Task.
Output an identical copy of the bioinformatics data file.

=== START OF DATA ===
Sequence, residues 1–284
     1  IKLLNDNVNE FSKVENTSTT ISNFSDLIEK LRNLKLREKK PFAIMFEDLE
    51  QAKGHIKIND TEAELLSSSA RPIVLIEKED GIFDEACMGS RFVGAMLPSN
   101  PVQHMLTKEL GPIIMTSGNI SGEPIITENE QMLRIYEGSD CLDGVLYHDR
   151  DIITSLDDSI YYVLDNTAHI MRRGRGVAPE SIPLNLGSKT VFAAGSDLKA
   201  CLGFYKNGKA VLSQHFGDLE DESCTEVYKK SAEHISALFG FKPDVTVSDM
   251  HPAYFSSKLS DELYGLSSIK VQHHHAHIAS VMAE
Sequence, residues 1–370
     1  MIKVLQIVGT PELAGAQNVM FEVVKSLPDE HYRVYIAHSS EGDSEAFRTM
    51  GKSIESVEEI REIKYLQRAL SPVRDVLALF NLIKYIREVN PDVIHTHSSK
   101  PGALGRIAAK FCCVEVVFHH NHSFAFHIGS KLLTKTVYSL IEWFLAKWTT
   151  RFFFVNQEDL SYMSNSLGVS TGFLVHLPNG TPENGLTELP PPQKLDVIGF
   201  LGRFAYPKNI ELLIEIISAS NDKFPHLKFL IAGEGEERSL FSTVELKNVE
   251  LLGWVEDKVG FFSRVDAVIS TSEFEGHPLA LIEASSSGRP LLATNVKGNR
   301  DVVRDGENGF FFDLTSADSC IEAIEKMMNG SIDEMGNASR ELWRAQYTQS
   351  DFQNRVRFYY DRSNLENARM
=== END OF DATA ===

Sequence, residues 1–284
     1  IKLLNDNVNE FSKVENTSTT ISNFSDLIEK LRNLKLREKK PFAIMFEDLE
    51  QAKGHIKIND TEAELLSSSA RPIVLIEKED GIFDEACMGS RFVGAMLPSN
   101  PVQHMLTKEL GPIIMTSGNI SGEPIITENE QMLRIYEGSD CLDGVLYHDR
   151  DIITSLDDSI YYVLDNTAHI MRRGRGVAPE SIPLNLGSKT VFAAGSDLKA
   201  CLGFYKNGKA VLSQHFGDLE DESCTEVYKK SAEHISALFG FKPDVTVSDM
   251  HPAYFSSKLS DELYGLSSIK VQHHHAHIAS VMAE
Sequence, residues 1–370
     1  MIKVLQIVGT PELAGAQNVM FEVVKSLPDE HYRVYIAHSS EGDSEAFRTM
    51  GKSIESVEEI REIKYLQRAL SPVRDVLALF NLIKYIREVN PDVIHTHSSK
   101  PGALGRIAAK FCCVEVVFHH NHSFAFHIGS KLLTKTVYSL IEWFLAKWTT
   151  RFFFVNQEDL SYMSNSLGVS TGFLVHLPNG TPENGLTELP PPQKLDVIGF
   201  LGRFAYPKNI ELLIEIISAS NDKFPHLKFL IAGEGEERSL FSTVELKNVE
   251  LLGWVEDKVG FFSRVDAVIS TSEFEGHPLA LIEASSSGRP LLATNVKGNR
   301  DVVRDGENGF FFDLTSADSC IEAIEKMMNG SIDEMGNASR ELWRAQYTQS
   351  DFQNRVRFYY DRSNLENARM